With a little help, the best teachers for employers will be employers themselves. There is a small but growing community of employers who are learning that the nuances of culture and language of immigrant candidates may be different, but this should not get in the way of identifying and managing talent. Many years ago, we launched a website called hireimmigrants.ca that is dedicated to finding and describing these practices. In a way, this platform helps employers borrow proven ideas from their competition.

A few examples of strategies that employers are using:

  • Husky identifies top engineering universities from immigrant source countries to screen in candidates from these institutions.
  • 3M uses a five-minute language exercise for its hiring managers and supervisors that sensitizes them to the challenges that speakers of English as a second language face. Supervisors sit in a circle and are challenged to replace every verb with a synonym. So for instance if you want to say “I went to a movie yesterday,” you have to challenge yourself to replace the verb “went” with another verb.
  • And from as far away as Germany comes this idea that employers will agree to accept and assess resumes that are filed without names or place of education.

Each of these examples has the seed of a policy that could govern the way corporations and public institutions source and identify talent, or how they allocate precious training resources. By translating good practices into policy, we can ensure larger scale impact.

Read other excerpts from this speech
Read the full speech.

Why Hire Skilled Immigrants

Use this workshop to help you involve key strategy influencers of your organization in recognizing the value that skilled immigrants bring to the Canadian workforce.

The PowerPoint presentation will promote discussion of business drivers and analyze strengths, weaknesses, opportunities and threats (SWOTs) to determine if, when and how your organization can benefit from skilled immigrants.

Workshop: Why Hire Skilled Immigrants?

Assessing the Recruiting Process

This workshop will help you use team brainstorming, exercises and discussion to take an in-depth look at the processes you use to source, recruit and hire employees.

The PowerPoint presentation will help you discover where in your process you are potentially screening out skilled immigrant candidates and collaborate on action plans to remove those barriers.

Workshop: Assessing the Recruiting Process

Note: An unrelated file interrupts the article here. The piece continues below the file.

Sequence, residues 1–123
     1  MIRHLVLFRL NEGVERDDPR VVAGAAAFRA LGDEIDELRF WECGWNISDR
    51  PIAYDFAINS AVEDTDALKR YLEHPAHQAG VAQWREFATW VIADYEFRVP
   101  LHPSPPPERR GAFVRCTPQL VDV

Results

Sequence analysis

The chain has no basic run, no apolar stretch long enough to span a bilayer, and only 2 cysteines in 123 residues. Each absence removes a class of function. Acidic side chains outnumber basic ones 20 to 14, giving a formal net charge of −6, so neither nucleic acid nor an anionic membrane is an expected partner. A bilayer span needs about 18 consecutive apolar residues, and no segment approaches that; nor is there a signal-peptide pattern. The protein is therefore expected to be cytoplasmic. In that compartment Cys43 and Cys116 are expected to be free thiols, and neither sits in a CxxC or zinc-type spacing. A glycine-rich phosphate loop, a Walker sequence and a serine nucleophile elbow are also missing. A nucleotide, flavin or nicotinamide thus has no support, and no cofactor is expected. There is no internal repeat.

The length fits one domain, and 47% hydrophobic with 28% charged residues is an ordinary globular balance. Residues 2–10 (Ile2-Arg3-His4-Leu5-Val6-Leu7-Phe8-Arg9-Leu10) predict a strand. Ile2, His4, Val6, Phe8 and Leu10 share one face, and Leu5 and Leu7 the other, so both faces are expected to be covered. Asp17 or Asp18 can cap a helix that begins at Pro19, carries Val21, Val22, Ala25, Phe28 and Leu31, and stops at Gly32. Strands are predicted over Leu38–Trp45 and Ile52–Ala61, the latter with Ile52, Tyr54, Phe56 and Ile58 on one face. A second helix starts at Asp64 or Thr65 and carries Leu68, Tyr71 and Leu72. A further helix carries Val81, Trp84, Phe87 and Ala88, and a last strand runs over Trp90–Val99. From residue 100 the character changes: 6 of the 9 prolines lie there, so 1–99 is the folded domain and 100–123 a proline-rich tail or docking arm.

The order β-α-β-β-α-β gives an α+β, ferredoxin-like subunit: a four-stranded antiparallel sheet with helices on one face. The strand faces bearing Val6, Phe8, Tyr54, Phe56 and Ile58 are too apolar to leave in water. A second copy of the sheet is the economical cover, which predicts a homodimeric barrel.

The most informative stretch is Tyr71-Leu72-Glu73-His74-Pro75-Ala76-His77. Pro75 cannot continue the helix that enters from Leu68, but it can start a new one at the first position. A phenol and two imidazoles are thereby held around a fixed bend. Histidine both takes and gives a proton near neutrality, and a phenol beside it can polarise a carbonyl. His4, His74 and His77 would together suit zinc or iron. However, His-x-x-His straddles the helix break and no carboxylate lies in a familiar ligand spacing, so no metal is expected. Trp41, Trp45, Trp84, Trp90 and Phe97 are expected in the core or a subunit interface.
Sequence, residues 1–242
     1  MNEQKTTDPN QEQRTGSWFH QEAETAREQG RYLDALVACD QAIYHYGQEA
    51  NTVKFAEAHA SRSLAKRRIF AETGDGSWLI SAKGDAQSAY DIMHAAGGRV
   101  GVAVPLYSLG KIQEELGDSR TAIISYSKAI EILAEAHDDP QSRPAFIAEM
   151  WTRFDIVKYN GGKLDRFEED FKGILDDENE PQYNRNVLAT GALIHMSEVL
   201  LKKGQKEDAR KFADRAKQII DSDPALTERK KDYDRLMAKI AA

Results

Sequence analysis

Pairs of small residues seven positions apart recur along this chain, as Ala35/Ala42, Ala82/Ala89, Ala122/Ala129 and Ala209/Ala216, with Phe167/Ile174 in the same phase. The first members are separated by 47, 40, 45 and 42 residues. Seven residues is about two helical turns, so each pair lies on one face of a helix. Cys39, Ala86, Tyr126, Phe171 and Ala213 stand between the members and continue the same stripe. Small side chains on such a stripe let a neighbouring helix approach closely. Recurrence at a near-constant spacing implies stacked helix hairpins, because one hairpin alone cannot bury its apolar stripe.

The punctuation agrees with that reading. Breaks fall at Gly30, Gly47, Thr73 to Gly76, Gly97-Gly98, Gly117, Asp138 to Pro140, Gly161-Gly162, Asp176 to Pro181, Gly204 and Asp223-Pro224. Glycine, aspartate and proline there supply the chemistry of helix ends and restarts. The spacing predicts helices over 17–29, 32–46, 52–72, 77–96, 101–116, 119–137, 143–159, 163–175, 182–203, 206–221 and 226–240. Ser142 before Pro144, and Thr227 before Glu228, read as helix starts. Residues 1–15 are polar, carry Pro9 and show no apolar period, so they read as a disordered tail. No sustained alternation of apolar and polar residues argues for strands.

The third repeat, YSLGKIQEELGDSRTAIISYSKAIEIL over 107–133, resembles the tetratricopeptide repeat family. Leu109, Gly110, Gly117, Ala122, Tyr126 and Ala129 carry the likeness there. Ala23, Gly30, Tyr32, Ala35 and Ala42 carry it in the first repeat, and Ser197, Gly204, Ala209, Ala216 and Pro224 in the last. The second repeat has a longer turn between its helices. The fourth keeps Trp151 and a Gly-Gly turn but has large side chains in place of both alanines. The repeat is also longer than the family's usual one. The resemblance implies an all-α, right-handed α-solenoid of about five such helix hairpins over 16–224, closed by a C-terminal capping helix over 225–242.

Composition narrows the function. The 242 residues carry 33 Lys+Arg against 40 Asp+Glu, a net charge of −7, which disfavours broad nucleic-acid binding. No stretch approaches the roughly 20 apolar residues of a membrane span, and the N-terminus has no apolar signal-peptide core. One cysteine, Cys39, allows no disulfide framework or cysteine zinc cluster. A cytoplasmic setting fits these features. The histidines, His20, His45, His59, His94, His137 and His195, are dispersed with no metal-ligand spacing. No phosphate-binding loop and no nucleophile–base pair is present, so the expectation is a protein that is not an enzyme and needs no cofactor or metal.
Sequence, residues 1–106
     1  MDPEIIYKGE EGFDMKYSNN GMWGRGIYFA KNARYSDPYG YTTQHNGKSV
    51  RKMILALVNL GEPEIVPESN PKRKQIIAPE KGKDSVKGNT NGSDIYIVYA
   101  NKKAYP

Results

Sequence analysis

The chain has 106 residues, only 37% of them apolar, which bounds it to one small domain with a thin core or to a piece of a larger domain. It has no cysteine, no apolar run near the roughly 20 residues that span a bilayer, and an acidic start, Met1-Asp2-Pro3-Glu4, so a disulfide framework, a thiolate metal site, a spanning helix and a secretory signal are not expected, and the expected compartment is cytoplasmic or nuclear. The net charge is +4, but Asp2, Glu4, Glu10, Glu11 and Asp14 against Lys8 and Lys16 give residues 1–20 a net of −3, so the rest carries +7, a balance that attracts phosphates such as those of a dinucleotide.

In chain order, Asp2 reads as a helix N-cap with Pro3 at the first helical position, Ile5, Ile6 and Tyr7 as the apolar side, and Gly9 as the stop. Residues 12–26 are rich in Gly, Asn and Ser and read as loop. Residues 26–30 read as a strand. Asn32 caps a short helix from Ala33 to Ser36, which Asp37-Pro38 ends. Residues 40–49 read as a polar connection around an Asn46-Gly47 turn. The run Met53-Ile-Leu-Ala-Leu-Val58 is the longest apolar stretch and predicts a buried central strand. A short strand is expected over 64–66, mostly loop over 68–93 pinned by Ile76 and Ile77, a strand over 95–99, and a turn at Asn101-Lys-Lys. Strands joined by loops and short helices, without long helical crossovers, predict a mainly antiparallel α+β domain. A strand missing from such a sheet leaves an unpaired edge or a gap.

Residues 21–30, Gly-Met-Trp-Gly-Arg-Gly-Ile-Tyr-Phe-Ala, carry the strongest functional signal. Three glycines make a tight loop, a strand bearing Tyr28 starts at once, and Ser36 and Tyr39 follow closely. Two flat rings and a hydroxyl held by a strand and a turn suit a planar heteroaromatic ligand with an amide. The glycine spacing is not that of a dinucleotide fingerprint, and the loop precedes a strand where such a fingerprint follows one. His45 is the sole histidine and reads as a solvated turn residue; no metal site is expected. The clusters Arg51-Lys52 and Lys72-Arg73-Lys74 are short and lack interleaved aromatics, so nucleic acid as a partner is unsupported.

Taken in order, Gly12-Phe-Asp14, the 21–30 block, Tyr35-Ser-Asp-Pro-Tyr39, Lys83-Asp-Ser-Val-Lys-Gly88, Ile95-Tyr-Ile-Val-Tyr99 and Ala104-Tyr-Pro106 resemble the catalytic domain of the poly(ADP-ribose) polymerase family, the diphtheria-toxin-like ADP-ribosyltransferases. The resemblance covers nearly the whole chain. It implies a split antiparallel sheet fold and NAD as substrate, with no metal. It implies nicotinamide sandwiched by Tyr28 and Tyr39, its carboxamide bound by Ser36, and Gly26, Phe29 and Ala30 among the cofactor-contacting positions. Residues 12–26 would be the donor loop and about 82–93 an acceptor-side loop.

Creating Metrics

Everyone knows what gets measured gets managed. The objective of this workshop is to help you and your organization to fully understand how and where skilled immigrants contribute to the workforce and to track the progress of your results.

This PowerPoint presentation will help you identify the results you should measure, the benchmarks you should establish, the responsible stakeholders and your definition of success as it relates to hiring and retaining skilled immigrants.

Workshop: Creating Metrics

Workplace Scenarios — Winning with World Class Talent

Use this workshop to facilitate an open-minded discussion to understand and overcome common barriers to hiring and developing skilled immigrants.

The PowerPoint presentation will help you examine alternate approaches and solutions and learn to accommodate differences by focusing on skills, talents and contributions.

Workshop: Workplace Secnarios — Winning with World Class Talent

Stakeholder Assessment

This workshop has been developed to help you identify who in your organization has, or should have, a stake in examining and increasing the value that skilled immigrants bring you workforce.

Use this PowerPoint presentation to rally a group session to guide your organization in understanding who the key influencers are in hiring skilled immigrants, where they stand on the topic and how their energy can best be channelled to positive outcomes.

Workshop: Stakeholder Assessment

Quick Facts

When making the case for hiring and integrating skilled immigrants, it helps to have facts and figures to back up your argument. Use the statistics below to help make your case to the decision makers in your organization:

  • Almost one in five companies in the Greater Toronto Area have hired a skilled immigrant to help diversify their global client base. Of those employers who hired immigrants to help them expand overseas, 93 per cent said it was effective. (Source: Toronto Region Immigrant Employment Council poll of 461 employers in March 2011.)
  • Canada brings in about 250,000 immigrants per year. This includes skilled immigrants and their families, family class immigrants and refugees. Of these, the largest group are skilled immigrants — those who have been selected by Canada as best equipped to meet the needs of our economy. (Source: Citizenship and Immigration Canada.)